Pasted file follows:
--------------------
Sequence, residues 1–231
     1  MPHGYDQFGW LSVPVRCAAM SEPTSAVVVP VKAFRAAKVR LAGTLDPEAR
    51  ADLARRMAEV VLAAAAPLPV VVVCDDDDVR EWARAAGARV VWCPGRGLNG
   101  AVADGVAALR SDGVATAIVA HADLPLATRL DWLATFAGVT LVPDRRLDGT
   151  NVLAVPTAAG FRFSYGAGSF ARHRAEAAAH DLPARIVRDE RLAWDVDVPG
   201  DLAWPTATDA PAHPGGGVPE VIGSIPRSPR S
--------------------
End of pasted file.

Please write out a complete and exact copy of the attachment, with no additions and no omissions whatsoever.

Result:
Sequence, residues 1–231
     1  MPHGYDQFGW LSVPVRCAAM SEPTSAVVVP VKAFRAAKVR LAGTLDPEAR
    51  ADLARRMAEV VLAAAAPLPV VVVCDDDDVR EWARAAGARV VWCPGRGLNG
   101  AVADGVAALR SDGVATAIVA HADLPLATRL DWLATFAGVT LVPDRRLDGT
   151  NVLAVPTAAG FRFSYGAGSF ARHRAEAAAH DLPARIVRDE RLAWDVDVPG
   201  DLAWPTATDA PAHPGGGVPE VIGSIPRSPR S